4. At no time did Guyana invite the Court to hold that there is a ‘territorial dispute;’ This decision is … an irresponsible and reckless one;’
5. ‘The Court recklessly volunteered that the Geneva Agreement uses the term ‘controversy’ as a synonym for the word ‘dispute;’
6. ‘The Court is just wrong in holding that there is a territorial dispute when Guyana has consistently maintained that there was a controversy…;’
7. ‘The Court blithely join the issue of a territorial dispute to that of the validity of the 1899 Award;’
8. That ‘the Court’s finding that there is now two issues to be decided i) the validity of the Arbitral Award and ii) the related question of the definitive settlement of the land boundary dispute. That this finding will be of great disservice to Guyana and its people;’
9. That there are two perplexing issues of the World Court’s decision 1) it did not have jurisdiction to entertain Guyana’s claim arising from the events that occurred after the signature of the Geneva Agreement and 2) that the Court ignored Venezuela’s illegal occupation of Ankoko island and other illegal territorial incursions;’
10. That ‘Guyana’s lawyers need to seriously consider whether to make an application for the rectification of the decision of the Court or face the risk of Venezuela opportunistically exploiting the gift that the World Court has recklessly handed them.
All ten issues raised by Ramcharran are interrelated and interconnected in one way or another, yet he makes the mistake by his misunderstanding of the fundamental questions of why did Guyana approach the Court and what was the question put to the Court? viz; ‘Does the Court have jurisdiction to entertain Guyana’s application with regards to the dispute concerning the legal validity and binding effect of the award regarding the boundary between the colony of British Guiana and the United States of Venezuela of 3 October 1899. The Court’s unequivocal and pellucid answer was yes.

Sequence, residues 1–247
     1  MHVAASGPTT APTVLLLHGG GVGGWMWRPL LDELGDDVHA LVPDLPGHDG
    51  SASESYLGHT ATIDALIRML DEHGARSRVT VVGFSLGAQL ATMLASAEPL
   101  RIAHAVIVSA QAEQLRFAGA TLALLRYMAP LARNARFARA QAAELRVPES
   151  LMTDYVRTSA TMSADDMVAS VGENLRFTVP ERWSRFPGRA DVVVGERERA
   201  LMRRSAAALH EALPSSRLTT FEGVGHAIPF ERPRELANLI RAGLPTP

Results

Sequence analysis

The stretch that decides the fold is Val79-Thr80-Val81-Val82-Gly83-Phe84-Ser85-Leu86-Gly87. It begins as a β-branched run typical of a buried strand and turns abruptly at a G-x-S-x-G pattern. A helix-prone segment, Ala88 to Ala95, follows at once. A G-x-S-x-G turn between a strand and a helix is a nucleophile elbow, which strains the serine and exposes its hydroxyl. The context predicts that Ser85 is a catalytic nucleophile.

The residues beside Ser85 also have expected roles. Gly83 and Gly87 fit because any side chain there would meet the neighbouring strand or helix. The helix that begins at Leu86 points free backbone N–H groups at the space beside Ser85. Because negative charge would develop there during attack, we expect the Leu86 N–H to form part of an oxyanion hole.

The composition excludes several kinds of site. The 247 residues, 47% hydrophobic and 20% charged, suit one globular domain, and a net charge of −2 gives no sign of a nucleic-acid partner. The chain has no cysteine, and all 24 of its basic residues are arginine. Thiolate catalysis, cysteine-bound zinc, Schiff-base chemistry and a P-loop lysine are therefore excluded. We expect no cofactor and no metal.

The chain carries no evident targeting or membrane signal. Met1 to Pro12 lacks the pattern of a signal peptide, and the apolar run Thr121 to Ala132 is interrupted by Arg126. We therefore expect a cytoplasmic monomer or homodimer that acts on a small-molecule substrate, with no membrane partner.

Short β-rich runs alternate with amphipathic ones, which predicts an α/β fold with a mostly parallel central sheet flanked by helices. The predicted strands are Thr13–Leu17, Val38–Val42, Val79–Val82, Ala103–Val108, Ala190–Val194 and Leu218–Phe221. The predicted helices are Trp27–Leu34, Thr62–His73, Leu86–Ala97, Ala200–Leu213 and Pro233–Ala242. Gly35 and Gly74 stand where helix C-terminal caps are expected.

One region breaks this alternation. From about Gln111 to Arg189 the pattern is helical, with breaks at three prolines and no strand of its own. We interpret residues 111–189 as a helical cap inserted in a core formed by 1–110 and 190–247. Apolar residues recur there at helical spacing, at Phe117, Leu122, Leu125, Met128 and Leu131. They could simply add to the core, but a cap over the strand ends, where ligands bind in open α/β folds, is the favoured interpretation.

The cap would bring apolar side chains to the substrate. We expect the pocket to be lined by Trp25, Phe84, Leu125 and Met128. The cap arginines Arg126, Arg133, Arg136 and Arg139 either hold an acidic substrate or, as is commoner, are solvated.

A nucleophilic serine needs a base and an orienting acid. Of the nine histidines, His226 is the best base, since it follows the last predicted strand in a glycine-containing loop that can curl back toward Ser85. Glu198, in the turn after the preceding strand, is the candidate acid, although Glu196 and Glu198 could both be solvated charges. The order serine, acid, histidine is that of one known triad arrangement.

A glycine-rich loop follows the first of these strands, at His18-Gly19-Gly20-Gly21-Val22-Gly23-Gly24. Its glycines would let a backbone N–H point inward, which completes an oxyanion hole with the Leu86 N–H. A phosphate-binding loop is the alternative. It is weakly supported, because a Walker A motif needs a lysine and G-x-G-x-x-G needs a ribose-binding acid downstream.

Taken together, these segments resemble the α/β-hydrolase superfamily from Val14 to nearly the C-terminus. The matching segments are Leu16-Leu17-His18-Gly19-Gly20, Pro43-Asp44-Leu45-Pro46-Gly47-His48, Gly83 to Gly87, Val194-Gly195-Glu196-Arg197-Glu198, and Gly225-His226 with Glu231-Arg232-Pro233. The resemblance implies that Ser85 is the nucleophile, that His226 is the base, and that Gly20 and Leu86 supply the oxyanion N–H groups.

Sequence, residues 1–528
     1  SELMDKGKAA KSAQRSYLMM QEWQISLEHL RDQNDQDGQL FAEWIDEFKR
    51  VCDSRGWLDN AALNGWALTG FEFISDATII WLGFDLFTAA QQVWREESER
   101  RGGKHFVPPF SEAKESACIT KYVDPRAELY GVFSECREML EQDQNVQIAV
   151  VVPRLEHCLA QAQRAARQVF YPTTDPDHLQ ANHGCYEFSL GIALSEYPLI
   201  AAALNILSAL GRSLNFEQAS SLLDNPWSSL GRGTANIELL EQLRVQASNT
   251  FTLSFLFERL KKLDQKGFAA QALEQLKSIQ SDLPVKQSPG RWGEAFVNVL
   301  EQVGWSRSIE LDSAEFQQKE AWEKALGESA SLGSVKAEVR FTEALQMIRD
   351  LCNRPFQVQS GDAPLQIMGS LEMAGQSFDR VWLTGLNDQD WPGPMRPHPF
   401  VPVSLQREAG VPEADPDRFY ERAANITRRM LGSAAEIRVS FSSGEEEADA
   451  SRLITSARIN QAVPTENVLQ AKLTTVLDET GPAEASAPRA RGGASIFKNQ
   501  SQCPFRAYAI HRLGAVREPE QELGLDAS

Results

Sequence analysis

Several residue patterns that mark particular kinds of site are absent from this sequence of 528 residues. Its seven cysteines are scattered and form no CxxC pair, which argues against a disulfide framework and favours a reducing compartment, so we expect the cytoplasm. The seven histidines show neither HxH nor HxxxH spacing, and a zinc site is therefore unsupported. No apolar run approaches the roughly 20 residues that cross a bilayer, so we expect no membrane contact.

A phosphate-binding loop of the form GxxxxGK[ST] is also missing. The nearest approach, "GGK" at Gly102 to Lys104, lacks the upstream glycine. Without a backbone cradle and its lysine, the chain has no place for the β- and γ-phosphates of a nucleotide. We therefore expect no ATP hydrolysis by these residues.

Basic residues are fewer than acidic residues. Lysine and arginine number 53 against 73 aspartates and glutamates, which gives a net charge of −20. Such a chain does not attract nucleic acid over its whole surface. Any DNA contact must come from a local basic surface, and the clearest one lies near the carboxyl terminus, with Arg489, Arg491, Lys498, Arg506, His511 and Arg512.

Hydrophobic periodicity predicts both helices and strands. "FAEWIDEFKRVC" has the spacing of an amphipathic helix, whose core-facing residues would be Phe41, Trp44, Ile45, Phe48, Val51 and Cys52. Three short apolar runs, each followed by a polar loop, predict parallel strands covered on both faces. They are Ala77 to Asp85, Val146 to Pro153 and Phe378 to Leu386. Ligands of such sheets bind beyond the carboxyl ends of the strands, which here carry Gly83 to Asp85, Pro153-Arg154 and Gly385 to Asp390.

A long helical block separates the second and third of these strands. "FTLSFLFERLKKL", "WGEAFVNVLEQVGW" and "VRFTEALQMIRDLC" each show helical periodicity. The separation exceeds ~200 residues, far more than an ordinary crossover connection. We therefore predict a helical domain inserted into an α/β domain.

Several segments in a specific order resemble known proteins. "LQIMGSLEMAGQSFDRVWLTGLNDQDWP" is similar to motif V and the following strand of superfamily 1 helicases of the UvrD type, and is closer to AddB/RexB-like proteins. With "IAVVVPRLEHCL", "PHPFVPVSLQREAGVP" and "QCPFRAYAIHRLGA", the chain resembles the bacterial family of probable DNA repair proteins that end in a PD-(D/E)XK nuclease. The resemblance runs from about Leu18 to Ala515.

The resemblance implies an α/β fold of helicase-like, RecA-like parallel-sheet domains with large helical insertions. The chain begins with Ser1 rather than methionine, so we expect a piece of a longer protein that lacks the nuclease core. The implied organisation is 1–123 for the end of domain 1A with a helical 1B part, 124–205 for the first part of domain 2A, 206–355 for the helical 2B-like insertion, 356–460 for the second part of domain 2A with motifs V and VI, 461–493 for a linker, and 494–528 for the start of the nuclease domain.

Guyana’s sole objective in it’s application to the Court was to determine the validity and binding nature of the 1899 Award. It is in Guyana’s national interest to do so. On the other hand, Venezuela has no interest in discussing the validity of the Award per se, it holds the view that the Geneva Agreement has to do with what they claim to be a ‘territorial dispute.’
As far as Guyana’s application to the Court is concerned, it is the validity and binding nature of the award that it asked the Court to pronounce on, not the land boundaries between the two countries. At least not yet. In any event, the Court refrained from pronouncing on such matters. Now that it decided it has jurisdiction to pronounce on the question of the Arbitral Award, the ball is now in Guyana’s court to take its case to another level.
It is now up to Guyana to move to the next stage contemplated. Herein lies the crux of the matter. An application to the Court as to whether it has jurisdiction to rule on the validity and binding nature of the Award has been decided in Guyana’s favour. Perhaps, sometime in the not too distant future, Guyana will make a fresh application to the Court asking it to rule finally and definitively on Guyana’s land and sea boundaries with Venezuela.
Guyana never asked the Court to pronounce on that matter. Yet we learn from Mr. Ramcharran’s writing, the rather surprising conclusion that the ‘Court has handed a gift to Venezuela in holding that there is a ‘territorial dispute.’
If Mr. Ramcharran is referring to a territorial dispute vis-a-vies the Geneva Agreement, then he must know that that is a long held Venezuelan position. Not Guyana’s. In the circumstances, the Court could not hand to Venezuela what Venezuela notionally held as its position since Noah was a boy!
From what I have read therefore, nothing of substance was handed by the Court to Venezuela by way of a ‘gift.’ As regards Ramcharran’s entreaty that ‘Guyana’s lawyers would need to seriously consider whether to make an application for the rectification of the decision of the Court or face the risk of Venezuela opportunistically exploiting the gift that the World Court has recklessly handed them.’ I defer to Ramkarran who in his blog wrote, ‘This great preliminary success was achieved after a monumental degree of work over a long period of time by a large number of foreign ministry officials, consultants, experts, advisers and lawyers.’
I note the term ‘preliminary success’ which connotes that more is yet to come that will build on what was achieved on December 18 at the Court.
Surely Ramcharran must have surmised that this must have been the case and that it could not be that ‘the mighty mountain gave birth to a tiny mouse.’
I know Mr. Ramcharran personally. We met and conversed from time to time while I served as Guyana’s Foreign Minister. He has always been favorably disposed to placing his skills, knowledge and experience at the service of his native land.
Maybe at some point Mr. Ramcharran could be involved.
Clement J. Rohee
Former Minister of Foreign Affairs